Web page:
GULBARGA, 165km northeast of Bijapur, was the founding capital of the Bahmani dynasty and the region’s principal city before the court moved to Bidar in 1424. Later captured by the Adil Shahis and Mughals, it has remained a staunchly Muslim town, and bulbous onion domes and mosque minarets still soar prominently above its ramshackle concrete-box skyline. The town is also famous as the birthplace of the chishti, or saint, Hazrat Bandah Nawaz Gesu Daraz (1320–1422), whose tomb, situated next to one of India’s foremost Islamic theological colleges, is a major shrine.
In spite of Gulbarga’s religious and historical significance, its monuments pale in comparison with those at Bijapur, and even Bidar. Unless you’re particularly interested in medieval Muslim architecture, few are worth breaking a journey to see. The one exception is the tomb complex on the northeast edge of town, known as the Dargah. Approached via a broad bazaar, this marble-lined enclosure centres on the tomb of Hazrat Gesu Daraz, affectionately known to his devotees as Bandah Nawaz, or “the long-haired one who brings comfort to others”. The saint was spiritual mentor to the Bahmani rulers, and it was they who erected his beautiful double-storeyed mausoleum, now visited by hundreds of thousands of Muslim pilgrims each year. Women are not allowed inside, and men must wear long trousers. The same applies to the neighbouring tomb, whose interior has retained its exquisite Persian paintings. The Dargah’s other important building, open to both sexes, is the madrasa, founded by Bandah Nawaz and enlarged during the two centuries after his death.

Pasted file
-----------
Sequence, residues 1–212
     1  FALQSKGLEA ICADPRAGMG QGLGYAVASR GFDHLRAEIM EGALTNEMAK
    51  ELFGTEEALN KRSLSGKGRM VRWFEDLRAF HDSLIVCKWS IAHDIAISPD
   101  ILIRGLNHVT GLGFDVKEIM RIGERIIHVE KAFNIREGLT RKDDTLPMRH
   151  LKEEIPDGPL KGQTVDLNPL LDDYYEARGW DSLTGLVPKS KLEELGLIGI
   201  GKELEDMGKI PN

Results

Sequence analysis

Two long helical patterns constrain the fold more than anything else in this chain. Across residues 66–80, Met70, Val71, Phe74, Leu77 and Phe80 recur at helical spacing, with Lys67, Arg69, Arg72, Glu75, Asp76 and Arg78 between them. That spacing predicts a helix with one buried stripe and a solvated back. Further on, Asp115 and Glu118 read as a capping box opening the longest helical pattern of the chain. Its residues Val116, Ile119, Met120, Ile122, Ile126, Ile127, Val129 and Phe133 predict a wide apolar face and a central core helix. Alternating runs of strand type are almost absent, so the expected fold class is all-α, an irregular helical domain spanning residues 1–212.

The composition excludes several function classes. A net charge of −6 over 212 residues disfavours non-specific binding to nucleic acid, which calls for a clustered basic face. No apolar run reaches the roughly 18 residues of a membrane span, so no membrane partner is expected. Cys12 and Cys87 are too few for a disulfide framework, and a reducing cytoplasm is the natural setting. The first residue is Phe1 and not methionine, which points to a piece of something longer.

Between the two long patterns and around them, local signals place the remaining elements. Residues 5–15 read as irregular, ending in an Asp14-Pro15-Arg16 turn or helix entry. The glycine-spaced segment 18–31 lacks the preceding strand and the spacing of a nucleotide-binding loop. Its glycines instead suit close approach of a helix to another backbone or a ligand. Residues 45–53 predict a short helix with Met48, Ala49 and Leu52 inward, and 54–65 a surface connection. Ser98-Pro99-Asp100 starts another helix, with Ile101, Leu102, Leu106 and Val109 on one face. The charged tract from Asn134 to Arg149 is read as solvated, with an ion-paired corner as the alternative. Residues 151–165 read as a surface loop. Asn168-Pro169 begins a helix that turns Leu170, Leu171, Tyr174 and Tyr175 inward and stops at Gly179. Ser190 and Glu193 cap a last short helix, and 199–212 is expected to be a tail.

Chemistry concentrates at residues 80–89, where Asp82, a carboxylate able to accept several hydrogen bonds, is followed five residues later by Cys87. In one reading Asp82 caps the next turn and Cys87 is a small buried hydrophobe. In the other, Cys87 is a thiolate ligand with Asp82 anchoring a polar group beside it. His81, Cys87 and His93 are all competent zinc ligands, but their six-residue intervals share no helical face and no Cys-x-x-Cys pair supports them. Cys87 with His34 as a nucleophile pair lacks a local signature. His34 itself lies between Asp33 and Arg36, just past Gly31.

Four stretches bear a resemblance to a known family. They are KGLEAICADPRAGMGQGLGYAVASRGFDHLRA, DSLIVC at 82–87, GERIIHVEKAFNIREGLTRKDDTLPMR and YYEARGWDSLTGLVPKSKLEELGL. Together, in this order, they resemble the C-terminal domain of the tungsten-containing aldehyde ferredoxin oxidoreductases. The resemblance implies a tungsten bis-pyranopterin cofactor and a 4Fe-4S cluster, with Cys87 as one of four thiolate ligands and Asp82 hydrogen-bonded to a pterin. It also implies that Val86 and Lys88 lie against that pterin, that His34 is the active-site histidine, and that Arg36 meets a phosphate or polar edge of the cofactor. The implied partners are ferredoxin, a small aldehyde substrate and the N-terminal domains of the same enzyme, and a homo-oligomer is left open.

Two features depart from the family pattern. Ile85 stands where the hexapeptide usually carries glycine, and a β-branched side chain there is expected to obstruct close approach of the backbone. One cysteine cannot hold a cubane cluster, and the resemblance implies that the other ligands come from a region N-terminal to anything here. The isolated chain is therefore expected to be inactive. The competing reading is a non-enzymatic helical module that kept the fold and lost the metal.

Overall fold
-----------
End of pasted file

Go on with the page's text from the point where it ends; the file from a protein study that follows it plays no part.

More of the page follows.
After mingling with the crowds at the Dargah, escape across town to Gulbarga’s deserted fort. Encircled by sixteen-metre-thick crenellated walls, fifteen watchtowers and an evil-smelling stagnant moat, the great citadel now lies in ruins behind the town’s large artificial lake. Its only surviving building is the beautiful fourteenth-century Jama Masjid. Thought to have been modelled by a Moorish architect on the great Spanish mosque of Cordoba, it is unique in India for having an entirely domed prayer hall.